When The Chi actor Yolonda Ross started the show’s fourth season, she couldn’t have known that after portraying her character Jada Washington’s experience with breast cancer, that she would become an advocate for breast cancer survivors. On October 30, 2021, Ross is co-hosting Beauty Is Me, an event to support Chicago-based grassroots organizations, Equal Hope, the Tatisa C. Joiner Foundation, and the Center for Health Equity Transformation (CHET). Ross will unveil five portraits of breast cancer survivors that share one title, “Beauty Is Me.” The models for her photographs were breast cancer survivors Ross met while doing research for her role.
Storytelling is a powerful tool. Fiction can allow space for audiences to feel empathy and compassion and to connect to the universal human experience. BGN spoke with Yolonda Ross via Zoom about her advocacy for Black women with breast cancer.
Ross began by sharing, “The season has had a huge effect on me because, without having actually gone through cancer, now I feel part of a family of survivors. I’ve lost friends and family members to cancer, but I felt like I was on the outside of things. Now, I feel like I have more of an understanding of what women go through.”
Ross took the time to go deep into researching her role and was welcomed into a blessed society of Black women who are cancer survivors and who shared their experiences openly with the actor, which added layers of authenticity to her performance. She said, “They [the breast cancer survivors] have given me a wealth of information not only about the disease but about the disparities in the healthcare system, which needs to change. We hear about healthcare disparities but then to see them and how they have affected people’s lives up close and to hear some of the stories that the women have had to endure is heartbreaking.”
We asked Ross why it’s so important to raise awareness around Black women and breast cancer, and her answer was compelling. “I was literally just talking about this with a survivor earlier,” Ross replied. “Unfortunately, when it comes to breast cancer, and other cancers, Black women are not always treated the same. We can go to the doctor with symptoms seeking guidance, but we are not always sent for the proper tests — the MRIs, CAT scans. A lot of times we’re just sent home with, ‘Oh it’s just this,’ or ‘Oh it’s just that. Here — I’ll prescribe you a little something for the pain.’ Sometimes breast cancers are not seen in mammograms because the breasts are dense, and patients should get MRIs. There is also just being misdiagnosed or not diagnosed because you’re sitting home just thinking that there’s just something going around. So many doctors aren’t sending us in for the right tests. They aren’t detecting the cancers early, and early detection is the key.”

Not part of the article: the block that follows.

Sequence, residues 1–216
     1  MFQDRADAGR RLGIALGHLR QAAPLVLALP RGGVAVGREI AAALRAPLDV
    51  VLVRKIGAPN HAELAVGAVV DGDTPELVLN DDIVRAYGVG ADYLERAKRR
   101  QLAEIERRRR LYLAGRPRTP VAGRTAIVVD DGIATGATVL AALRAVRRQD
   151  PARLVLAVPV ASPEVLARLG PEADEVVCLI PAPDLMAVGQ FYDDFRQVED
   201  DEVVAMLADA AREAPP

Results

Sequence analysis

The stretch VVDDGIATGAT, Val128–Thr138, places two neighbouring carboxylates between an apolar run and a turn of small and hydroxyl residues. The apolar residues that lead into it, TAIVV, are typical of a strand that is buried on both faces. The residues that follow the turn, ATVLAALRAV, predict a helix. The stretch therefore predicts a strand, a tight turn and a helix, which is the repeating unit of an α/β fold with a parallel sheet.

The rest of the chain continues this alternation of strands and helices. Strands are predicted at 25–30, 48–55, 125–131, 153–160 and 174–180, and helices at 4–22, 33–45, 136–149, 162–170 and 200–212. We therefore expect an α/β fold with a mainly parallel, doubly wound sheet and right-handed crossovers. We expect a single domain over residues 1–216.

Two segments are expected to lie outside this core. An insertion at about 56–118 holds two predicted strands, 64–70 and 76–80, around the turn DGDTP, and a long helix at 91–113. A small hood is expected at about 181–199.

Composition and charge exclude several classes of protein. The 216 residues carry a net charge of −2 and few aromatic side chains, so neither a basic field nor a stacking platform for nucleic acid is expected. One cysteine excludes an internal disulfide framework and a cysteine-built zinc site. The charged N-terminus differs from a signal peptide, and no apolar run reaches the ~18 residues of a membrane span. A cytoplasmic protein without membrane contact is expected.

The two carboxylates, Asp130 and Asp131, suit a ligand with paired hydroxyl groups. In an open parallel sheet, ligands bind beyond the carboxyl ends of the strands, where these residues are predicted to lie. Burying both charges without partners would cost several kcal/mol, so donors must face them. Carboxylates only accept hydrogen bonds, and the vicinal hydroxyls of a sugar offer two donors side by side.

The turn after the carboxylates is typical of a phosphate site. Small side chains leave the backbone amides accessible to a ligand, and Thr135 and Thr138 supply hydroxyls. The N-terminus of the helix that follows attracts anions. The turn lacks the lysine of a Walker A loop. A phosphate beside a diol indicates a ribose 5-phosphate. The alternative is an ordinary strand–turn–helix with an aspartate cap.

The conversation moved on to the upcoming event that Ross is organizing for the grassroots breast cancer survivor organizations. She told us how the event came about. “This viewer, Rhonda Feinberg, was so moved by Jada’s whole storyline, particularly the episode with the hair cutting, that she reached out to me. We ended up speaking at length about the show. I told her about the organizations I was working with, and I told her how healthcare is so skewed. In the neighborhoods in Chicago that these women are in, they might not have the most up-to-date equipment, might not have the best doctors, and even to get treatment, [might] not be able to take time off from work. All these things Black women have to deal with, on top of the cancer diagnosis. Rhonda was just like, ‘How can I help?’ She told me she is a survivor and admitted to not being aware that Black and Brown women go through a different experience dealing with cancer than white women do. She wanted to know how to help, and I was like, ‘You know money always helps, just to be blunt about it. Money always helps a situation; money helps you get the awareness, [and] it helps to navigate things so that a few more people can get access to good healthcare.’ So she donated $100,000 to the three organizations I’ve been working with.”
The power of Yolonda Ross’ authentic portal of Jada’s experience touched Rhonda Feinberg’s heart and inspired her to take action. Ross told BGN more about the genesis of the event. “I was back here in Chicago to do an event for Equal Hope at the Black Women’s Expo. I was at their booth helping to sign people up for mammograms and things like that, but I was thinking I’d like to photograph some of the women who are breast cancer survivors in Tatisa C. Joiner’s foundation. [They] call themselves the Butterflies. They call themselves butterflies because they go through a metamorphosis — a journey. Tatisa helped me find five women for me to photograph, and designer Mallory Talty has a huge stock of vintage clothing, so we asked the Butterflies what beauty meant to them. Once they told us, we dressed them in the vintage clothing that conveyed their beauty, and I photographed them. Now I have five big, beautiful portraits that are going to be unveiled at the event on the 30th. And Rhonda Feinberg is coming to town to make the donation. She will meet the people from the organizations. It’s really a celebration of Black women cancer survivors.”
Yolonda Ross’ powerful performance had a ripple effect that will positively impact the lives of so many Black women dealing with breast cancer. What a blessing.
Stream The Chi Season 4 on Showtime.
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Jeanine is a Writer, Actor, member SAG/AFTRA, AEA, Podcast host, Producer, CEO VisAbleBlackWoman Productions, Certified Health Coach and Conscious Dance facilitator. Jeanine's mission, centering Black women's stories to preserve our legacies.